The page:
Lawyer wellness in a toxic work environment
by Roger D. Whittler, LPC, Missouri Lawyers’ Assistance Program Clinician
Toxic workplaces are often described as excruciating. A person feels hopeless when one’s livelihood is wedged against the suffering anticipated with going to work. The hopeless feeling is punctuated by helplessness as one considers the dynamics of the situation.
A toxic environment is one where a lawyer does not feel psychologically safe. Einarsen, Glambek, et al., reported in the Human Resource Management Journal that workplace bullying is a severe problem affecting up to 15% of employees. One word that most lawyers in this situation will use is “trapped,” meaning there is no clear way to escape.
According to the Society for Human Resources Management, toxic people create havoc, hurt others, tear down people’s confidence, micro-manage, erode people’s self-reliance and confidence, disrupt meetings, bully subordinates, undermine success, back-stab or suppress others, and gossip in ways that divide and hurt others.
Research by Bensimon in 1997 indicates most employees experience an annoyance at work 10 times per day, and 25% of all workers experience anger in the workplace. Other research has focused on gender differences in anger at work. Pitch et al., 1994, found that women are reluctant to express anger at work for concern that negative consequences for relationships will occur, while men express anger to maintain power and status, less concerned with the consequences to relationships. More recent findings have shown women and men express anger at work with equal likelihood.
Although each situation is different, the number of lawyers complaining of anxiety about the workplace is becoming more common. A lawyer’s work can have expansive reach and a variety of professional relationships that require interaction and communication. The problem is how to maintain wellness when someplace or somebody related to our work makes us feel psychologically threatened. The psychological consequences of a toxic workplace include:
Fear of being discharged
Fear of being relocated
Frequent turnover and increased workloads
Increased substance use
Fear of making a mistake
Lack of trust among peers
While nearly every organization has a policy against gossip, bullying, and backstabbing, rarely are these enforced with any meaningful repercussions, which engenders the hopelessness so many feel.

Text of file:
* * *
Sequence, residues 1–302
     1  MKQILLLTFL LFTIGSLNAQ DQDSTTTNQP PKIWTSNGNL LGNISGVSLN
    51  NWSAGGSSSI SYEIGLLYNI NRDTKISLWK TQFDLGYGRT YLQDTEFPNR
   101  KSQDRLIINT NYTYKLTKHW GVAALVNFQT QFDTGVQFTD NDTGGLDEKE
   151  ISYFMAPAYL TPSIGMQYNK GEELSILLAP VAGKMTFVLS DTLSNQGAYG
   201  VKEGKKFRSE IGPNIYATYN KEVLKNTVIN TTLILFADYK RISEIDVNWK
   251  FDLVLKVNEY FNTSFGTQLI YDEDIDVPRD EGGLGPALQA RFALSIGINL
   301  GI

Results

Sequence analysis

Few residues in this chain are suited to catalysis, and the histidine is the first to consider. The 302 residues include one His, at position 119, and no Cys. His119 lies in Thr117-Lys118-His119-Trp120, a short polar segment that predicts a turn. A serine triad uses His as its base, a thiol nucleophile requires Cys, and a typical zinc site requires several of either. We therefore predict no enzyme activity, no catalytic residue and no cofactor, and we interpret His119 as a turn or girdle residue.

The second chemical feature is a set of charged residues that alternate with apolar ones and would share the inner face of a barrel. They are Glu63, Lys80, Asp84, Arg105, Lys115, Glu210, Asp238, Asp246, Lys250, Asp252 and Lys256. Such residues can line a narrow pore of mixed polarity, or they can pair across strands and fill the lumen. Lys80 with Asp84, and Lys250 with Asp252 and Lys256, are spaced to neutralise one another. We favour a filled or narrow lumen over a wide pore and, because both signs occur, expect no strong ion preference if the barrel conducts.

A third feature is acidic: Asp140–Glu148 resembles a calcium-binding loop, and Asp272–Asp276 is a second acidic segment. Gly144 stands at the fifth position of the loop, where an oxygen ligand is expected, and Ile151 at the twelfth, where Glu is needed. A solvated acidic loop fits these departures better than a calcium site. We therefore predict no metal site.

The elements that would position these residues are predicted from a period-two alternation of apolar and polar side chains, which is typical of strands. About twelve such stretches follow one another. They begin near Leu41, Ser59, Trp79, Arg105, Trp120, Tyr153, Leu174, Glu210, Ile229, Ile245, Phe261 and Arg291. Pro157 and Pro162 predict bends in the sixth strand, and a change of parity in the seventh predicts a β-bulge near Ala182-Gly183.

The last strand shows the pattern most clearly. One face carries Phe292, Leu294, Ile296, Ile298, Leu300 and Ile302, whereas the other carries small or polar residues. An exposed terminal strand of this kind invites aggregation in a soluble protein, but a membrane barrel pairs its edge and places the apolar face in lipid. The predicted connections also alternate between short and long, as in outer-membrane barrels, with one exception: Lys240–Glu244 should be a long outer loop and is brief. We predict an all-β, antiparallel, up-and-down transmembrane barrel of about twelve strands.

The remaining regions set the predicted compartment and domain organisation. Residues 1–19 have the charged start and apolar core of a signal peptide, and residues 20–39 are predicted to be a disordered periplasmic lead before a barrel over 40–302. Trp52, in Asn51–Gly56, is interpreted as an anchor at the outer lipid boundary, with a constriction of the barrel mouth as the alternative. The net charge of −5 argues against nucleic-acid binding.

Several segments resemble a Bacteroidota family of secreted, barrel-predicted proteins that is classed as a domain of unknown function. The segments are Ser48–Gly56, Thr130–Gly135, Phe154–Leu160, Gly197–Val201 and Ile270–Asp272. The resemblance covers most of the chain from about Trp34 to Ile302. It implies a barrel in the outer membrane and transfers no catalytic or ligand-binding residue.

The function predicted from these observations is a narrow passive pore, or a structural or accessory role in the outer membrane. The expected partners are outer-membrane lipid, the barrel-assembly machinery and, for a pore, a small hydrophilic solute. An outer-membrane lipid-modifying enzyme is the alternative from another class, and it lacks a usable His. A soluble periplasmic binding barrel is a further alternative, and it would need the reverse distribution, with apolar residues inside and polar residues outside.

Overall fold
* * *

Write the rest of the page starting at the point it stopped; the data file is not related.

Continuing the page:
Gianakos recommends organizations allow open communication from employees regarding their workplace experiences and open invitations to raise concerns. In addition, organizations can seek a consensus among employees regarding aspects of work that are troubling to employees and conduct frequent workshops or training briefs on workplace demeanor and civility policies.
As a clinician for the Missouri Lawyers’ Assistance Program, when speaking with lawyers, I recognize that each person has different tolerance levels for a psychologically threatening workplace. Some express their desire to push forward and stay at their current position, while some talk about finding a new place to work, or a new career away from the legal field altogether. As you can imagine, I always ask the question, “are you sure that will be better?”
Depending on the circumstances, and realizing that each client is unique, I provide the following general guidelines for effectively dealing with a toxic work environment:
Conduct an honest self-examination of yourself and the relationships you have at work.
Identify realistic expectations. Sometimes we can be unrealistic in our expectations that everyone should get along all the time.
Carefully read any policies that apply to the workplace environment – and document any discrepancies.
Manage your health by monitoring food, alcohol intake, and sleep, and get exercise to reduce stress.
Consider which co-worker or supervisor would be best suited to understand your point of view.
Carefully craft language to communicate your concerns to this person in a way that does not blame others, but, rather, focuses on the problem.
Seek as much feedback as possible from others who may or may not share your feelings. If no one agrees with you, consider why they experience the workplace differently.
Investigate environmental changes available, such as a transfer, different assignment, different work hours, etc.
If you wish to stay employed at the same place, have alternatives ready to discuss with your supervisor.
Instead of presenting a single alternative, have several choices to improve the conditions.
Consider your future goals. If you have only been with the employer for two months, have you given the situation time? Will your potential new employer interpret your previous departure as premature?
Try to spend time with friends, around family, and doing recreational activities or hobbies to avoid dwelling on work during non-work hours.
Consider taking classes or other training to advance your career so that hope is in sight.
A toxic workplace can be psychologically threatening and cause severe personal distress. Some behaviors at work can rise to the level of serious criminal or civil liability. In each case, lawyers should consider their well-being and take steps to manage emotional and physical health while at the same time serving clients.
If you need to discuss your health and your work environment, the Missouri Lawyers’ Assistance Program is here to help! Please consult the Missouri Lawyers’ Assistance Program at 1-800-688-7859 for free, confidential counseling.